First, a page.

The aneurysm model was made by cutting two 16-inch lengths from the legs of red tights.
One length represented the healthy artery- it stretched and contracted easily to simulate how a healthy artery expands to fill a “beat” of blood, then contracts to push that blood along. We created the artery with the aneurysm by making a 1-inch hole near the center of a 12 inch long cardboard cylindrical tube that was 3 inches in diameter. Next, we slid the tube inside the second length of tights, pulling about two inches of the tights out over the end of the tube, tucking it inside the tube to cover the cardboard edge and securely attaching the tucked in portion of the tights to the inside of the tube with glue. After the glue set, we gently pulled the tights along the outside of the cylinder until they were smooth, tucked the excess tights inside the other end of the tube and secured it with glue.
Subsequently we attached a balloon to a balloon inflater with a twister tie, placed the balloon and inflater in the tube until the balloon was next to the 1-inch circular hole. Then we gently pressed the balloon through the hole and positioned it between the outside of the tube and the red tights. When the balloon was inflated, it looked like an aneurysm in an artery. As the balloon was inflated we described how plaque hardens arteries, raises blood pressure and may weaken a part of the artery so much that the increased blood pressure can cause an aneurysm. Then we described how the aneurysm may burst and cause internal bleeding.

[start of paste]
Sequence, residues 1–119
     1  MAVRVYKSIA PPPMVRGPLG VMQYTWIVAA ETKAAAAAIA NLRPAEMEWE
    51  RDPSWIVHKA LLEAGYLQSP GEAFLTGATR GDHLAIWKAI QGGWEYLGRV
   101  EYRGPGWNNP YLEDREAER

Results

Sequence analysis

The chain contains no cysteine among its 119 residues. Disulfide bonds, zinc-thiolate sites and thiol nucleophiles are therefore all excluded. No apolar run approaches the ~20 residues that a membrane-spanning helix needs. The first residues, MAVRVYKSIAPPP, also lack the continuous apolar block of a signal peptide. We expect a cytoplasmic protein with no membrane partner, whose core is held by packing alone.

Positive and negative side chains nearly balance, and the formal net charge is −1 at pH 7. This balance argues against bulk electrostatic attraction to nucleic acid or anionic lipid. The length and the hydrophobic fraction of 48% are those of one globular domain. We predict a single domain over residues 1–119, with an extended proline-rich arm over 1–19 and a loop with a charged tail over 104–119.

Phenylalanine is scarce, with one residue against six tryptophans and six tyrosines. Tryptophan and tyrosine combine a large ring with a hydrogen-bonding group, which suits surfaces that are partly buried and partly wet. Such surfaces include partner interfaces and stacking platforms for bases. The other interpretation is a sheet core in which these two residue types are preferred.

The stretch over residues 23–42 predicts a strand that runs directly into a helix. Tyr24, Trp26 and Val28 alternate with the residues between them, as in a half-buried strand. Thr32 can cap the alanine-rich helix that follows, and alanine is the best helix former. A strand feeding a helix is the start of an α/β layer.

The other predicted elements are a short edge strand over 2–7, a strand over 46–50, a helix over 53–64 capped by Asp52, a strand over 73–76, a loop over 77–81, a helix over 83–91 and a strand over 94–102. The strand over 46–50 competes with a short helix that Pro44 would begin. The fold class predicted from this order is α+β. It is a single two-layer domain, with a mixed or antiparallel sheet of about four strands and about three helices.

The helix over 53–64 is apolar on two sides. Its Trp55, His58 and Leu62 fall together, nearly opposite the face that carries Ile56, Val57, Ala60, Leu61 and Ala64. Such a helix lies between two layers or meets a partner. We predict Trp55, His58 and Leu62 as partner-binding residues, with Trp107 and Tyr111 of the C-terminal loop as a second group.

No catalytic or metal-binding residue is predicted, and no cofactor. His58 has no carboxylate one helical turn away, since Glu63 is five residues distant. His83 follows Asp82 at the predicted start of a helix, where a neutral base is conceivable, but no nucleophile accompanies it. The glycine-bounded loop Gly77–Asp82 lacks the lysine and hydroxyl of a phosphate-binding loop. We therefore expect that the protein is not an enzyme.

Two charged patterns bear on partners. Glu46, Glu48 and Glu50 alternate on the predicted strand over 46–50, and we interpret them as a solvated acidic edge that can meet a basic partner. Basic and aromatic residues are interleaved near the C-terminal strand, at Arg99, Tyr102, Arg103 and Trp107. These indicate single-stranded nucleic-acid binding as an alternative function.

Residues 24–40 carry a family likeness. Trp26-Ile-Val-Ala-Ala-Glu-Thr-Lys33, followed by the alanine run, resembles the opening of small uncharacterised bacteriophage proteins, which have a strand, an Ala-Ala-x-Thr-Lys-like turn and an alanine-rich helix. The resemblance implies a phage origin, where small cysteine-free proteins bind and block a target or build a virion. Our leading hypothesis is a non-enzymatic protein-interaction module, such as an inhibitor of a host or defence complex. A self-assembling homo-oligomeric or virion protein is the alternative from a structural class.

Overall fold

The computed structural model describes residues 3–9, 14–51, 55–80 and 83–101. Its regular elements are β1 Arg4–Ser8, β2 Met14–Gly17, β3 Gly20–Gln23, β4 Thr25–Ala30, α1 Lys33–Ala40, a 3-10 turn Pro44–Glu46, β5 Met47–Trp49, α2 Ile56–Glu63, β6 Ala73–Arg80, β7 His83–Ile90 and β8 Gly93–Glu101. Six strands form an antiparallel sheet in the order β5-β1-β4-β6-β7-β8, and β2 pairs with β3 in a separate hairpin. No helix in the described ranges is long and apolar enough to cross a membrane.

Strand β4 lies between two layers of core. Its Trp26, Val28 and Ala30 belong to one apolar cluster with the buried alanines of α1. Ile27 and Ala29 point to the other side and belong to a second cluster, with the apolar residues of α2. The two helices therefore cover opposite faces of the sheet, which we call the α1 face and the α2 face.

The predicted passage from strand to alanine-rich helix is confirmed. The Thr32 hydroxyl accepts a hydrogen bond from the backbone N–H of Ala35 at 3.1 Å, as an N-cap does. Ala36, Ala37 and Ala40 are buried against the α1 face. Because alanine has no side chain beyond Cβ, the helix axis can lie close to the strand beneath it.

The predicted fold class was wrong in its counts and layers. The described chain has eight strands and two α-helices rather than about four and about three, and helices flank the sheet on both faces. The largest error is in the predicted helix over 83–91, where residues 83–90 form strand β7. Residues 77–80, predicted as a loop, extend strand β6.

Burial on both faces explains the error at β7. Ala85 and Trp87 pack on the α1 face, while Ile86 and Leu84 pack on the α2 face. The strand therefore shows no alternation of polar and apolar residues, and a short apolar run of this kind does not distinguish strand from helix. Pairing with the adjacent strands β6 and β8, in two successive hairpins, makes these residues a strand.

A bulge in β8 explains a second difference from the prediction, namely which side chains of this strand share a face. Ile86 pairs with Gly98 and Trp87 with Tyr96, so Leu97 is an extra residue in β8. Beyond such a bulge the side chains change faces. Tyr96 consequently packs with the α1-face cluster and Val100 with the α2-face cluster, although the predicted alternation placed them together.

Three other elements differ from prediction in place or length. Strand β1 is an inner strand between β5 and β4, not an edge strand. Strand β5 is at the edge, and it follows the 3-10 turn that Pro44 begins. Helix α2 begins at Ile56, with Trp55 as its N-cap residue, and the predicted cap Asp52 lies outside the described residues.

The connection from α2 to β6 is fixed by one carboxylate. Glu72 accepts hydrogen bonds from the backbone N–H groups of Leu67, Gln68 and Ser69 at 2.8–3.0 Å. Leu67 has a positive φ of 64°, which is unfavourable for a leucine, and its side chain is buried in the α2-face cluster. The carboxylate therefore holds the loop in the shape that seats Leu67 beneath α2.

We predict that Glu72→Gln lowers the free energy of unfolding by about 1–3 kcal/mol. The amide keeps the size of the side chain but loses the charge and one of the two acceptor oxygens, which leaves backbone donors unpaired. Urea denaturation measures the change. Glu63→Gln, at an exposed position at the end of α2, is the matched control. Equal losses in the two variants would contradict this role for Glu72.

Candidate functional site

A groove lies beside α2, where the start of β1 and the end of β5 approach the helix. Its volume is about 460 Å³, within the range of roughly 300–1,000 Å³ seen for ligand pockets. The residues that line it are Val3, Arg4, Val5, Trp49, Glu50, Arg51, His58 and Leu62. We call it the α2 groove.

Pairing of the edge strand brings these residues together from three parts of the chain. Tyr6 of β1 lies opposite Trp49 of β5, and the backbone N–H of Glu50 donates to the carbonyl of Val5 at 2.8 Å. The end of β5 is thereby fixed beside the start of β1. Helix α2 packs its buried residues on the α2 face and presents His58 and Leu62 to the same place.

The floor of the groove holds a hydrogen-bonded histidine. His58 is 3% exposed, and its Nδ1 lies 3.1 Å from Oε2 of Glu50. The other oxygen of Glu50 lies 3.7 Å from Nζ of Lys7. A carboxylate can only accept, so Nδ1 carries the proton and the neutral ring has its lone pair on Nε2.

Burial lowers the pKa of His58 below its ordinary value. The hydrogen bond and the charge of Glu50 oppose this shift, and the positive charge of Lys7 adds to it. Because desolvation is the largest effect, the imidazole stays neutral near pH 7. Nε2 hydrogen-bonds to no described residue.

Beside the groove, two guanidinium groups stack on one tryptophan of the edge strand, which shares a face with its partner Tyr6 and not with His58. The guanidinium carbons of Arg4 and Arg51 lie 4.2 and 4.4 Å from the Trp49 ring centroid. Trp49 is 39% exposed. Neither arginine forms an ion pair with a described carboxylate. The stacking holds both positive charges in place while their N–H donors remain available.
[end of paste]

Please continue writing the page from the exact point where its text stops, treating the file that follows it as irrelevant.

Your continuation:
Judy’s passion for cooking began with helping her grandmother make raisin oatmeal for breakfast. From there she earned her first food service job at 15, was accepted to the world famous Culinary Institute of America at 18 (where she graduated second in her class), and went on to the Fachschule Richemont in Switzerland where she focused on pastry arts and baking. But after learning that the quality of a croissant directly varies with how much butter it has, Judy sought to challenge herself by coming up with recipes that were as healthy as they were tasty.
Judy received The Culinary Institute of America’s Pro Chef II certification, the American Culinary Federation Bronze Medal, Gold Medal, and ACF Chef of the Year. Her enthusiasm for eating nutritiously and deliciously leads her to constantly innovate and use the latest in nutritional science to guide her creativity, from putting new twists on fajitas to adapting Italian brownies to include ingredients like toasted nuts and cooked honey. Judy’s publishing company, Food and Health Communications, is dedicated to her vision that everyone can make food that tastes as good as it is for you.